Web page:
Wednesday, June 2, 2010

90% Of The Game Is Half Mental

[What follows is a review of Emma Span's book, 90% Of The Game Is Half Mental written by a good friend who wishes to be referred to simply as "Jack". In addition to being a stalwart Mets fan and supporter of the Rays, he makes an annual pilgrimage to Spring Training in Florida and is an aficionado of minor league ball, particularly here in the northeast.

Emma, who occasionally writes for Bronx Banter and her own site when she has time, sent me a review copy of the book. I'm going to read the book and do a review at some point, but when Jack heard about Emma's work, he asked if he could get the first crack at it.]

I recently finished reading Emma Span's 90% Of The Game Is Half Mental and the short of is that it's a very good read. While you can't go wrong with a Yogiism for the title, I think the sub-title, "And Other Tales from the Edge of Baseball Fandom" more accuately portrays her baseball experiences, from her New Jersey childhood to working odd summer jobs while attending Yale, to her brief gig as the Village Voice baseball writer and beyond. Baseball, especially New York baseball, isn't something you would expect to be a consuming interest of a funny, sarcastic, literate, New York-centric, admittedly neurotic, female insomniac, but Emma clearly loves the game.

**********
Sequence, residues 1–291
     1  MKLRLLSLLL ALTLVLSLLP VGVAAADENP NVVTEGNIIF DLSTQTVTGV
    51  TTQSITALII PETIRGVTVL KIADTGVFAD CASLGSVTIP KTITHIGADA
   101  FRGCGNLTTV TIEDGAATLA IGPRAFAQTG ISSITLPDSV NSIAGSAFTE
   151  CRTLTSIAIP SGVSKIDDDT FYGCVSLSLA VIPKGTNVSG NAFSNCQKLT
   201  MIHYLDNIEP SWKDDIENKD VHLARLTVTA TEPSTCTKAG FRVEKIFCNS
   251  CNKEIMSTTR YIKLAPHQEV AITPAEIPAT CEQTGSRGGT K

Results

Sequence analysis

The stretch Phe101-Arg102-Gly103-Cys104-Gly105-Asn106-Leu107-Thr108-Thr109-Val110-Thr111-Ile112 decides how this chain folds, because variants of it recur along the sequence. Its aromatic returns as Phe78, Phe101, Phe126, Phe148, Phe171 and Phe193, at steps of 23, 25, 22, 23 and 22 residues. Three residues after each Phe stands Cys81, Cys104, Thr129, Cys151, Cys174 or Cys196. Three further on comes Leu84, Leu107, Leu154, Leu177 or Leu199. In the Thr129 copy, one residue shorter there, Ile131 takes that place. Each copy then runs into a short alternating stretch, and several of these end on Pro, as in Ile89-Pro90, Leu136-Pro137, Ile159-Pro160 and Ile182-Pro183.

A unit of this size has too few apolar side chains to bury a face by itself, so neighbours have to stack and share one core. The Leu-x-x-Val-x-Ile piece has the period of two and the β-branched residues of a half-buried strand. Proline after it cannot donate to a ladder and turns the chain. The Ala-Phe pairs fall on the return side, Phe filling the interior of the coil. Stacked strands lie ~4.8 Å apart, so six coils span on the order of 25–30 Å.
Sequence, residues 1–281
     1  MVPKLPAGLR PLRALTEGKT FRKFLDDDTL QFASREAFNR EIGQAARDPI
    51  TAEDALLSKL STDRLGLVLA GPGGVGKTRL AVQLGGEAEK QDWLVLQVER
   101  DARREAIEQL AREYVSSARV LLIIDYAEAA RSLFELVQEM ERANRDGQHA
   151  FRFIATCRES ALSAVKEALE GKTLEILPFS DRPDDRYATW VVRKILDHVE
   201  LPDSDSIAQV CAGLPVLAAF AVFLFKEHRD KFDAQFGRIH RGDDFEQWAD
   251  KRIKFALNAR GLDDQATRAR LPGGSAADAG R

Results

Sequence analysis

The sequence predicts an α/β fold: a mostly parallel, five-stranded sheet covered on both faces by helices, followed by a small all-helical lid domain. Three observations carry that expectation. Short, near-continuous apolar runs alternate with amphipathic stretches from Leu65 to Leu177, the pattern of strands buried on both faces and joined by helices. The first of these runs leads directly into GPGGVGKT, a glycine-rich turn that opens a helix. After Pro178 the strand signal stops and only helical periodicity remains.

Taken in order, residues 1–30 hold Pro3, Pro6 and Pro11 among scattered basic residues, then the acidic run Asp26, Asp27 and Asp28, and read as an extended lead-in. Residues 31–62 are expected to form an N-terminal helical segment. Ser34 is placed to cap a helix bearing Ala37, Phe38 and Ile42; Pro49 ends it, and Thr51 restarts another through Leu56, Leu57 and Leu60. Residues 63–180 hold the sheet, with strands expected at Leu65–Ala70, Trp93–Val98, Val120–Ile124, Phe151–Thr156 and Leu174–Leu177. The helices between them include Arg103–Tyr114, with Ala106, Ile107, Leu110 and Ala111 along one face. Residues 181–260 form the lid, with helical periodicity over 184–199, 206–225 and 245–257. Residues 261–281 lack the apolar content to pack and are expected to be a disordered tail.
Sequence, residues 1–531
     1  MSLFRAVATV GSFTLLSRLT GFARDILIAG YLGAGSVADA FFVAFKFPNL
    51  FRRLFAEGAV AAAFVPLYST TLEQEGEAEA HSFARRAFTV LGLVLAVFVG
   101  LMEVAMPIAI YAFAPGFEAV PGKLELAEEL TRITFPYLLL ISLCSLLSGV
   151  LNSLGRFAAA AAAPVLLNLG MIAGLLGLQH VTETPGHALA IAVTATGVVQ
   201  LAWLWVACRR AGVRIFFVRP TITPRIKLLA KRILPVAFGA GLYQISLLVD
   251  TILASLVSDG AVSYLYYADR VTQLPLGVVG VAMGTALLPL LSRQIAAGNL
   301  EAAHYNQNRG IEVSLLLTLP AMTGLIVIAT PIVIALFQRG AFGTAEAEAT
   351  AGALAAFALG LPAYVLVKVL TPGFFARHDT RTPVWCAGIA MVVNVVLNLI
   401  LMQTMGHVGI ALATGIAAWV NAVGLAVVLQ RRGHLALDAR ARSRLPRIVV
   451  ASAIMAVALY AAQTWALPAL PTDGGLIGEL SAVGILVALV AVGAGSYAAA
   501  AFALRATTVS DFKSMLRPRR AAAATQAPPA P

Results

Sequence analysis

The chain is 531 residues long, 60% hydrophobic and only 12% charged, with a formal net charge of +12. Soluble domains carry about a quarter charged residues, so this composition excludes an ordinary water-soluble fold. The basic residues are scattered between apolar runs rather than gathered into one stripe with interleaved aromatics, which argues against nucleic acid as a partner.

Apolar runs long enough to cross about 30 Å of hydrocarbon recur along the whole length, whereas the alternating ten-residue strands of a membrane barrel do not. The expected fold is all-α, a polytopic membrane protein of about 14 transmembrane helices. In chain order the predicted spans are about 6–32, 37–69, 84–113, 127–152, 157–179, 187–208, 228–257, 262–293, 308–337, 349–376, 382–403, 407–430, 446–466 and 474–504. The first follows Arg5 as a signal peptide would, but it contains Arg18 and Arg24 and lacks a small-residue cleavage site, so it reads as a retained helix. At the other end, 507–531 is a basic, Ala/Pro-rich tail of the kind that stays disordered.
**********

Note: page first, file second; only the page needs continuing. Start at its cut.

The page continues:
Chapters related to the job with the Voice and the trip to Taiwan (not Japan?) are often hilarious in their observations. Locker room scene descriptions and commentary on the New York press corps highlight her awkwardness, but despite being a bit of a nerd, she seems to be pretty self-confident.

Emma obviously knows her inside baseball. Her blog was once called Eephus Pitch and the book discusses the arguments of stathead sabermetrics vs. old school scouting. She gets into some detailed modern history of Yankees' and Mets' postseason appearances and touches upon male/female baseball perspectives, Yankees/Mets fandom, New York/non-New York fandom, and baseball movies (she hates "The Natural", I love it).

I was surprised that she never mentions any great baseball books or their writers (i.e. Halberstam, Kahn), but I was glad to read that she shares my criticism of some elements of The Great American Pastime. For instance:
  • Loud amplified needless cheering nonsense at games (between innings, between batters, sometimes between pitches) when normal converstion becomes impossible
  • The distraction caused by the gigantic TV screen in the new Yankee Stadium
  • Joe Morgan's television commentary
With 160 pages, an easy and conversational tone, an occasional F-bomb for emphasis, and some really laugh-out-loud passages, it's a quick, entertaining, and confessional autobiography that will especially appeal to New York baseball fans.

I strongly encourage you and your readers to give it a rip.

1 comment:

  1. Of course, if one roots for the Mets, then 90 percent of the game is 95 percent mental. It certainly isn't fundamental. Or fun.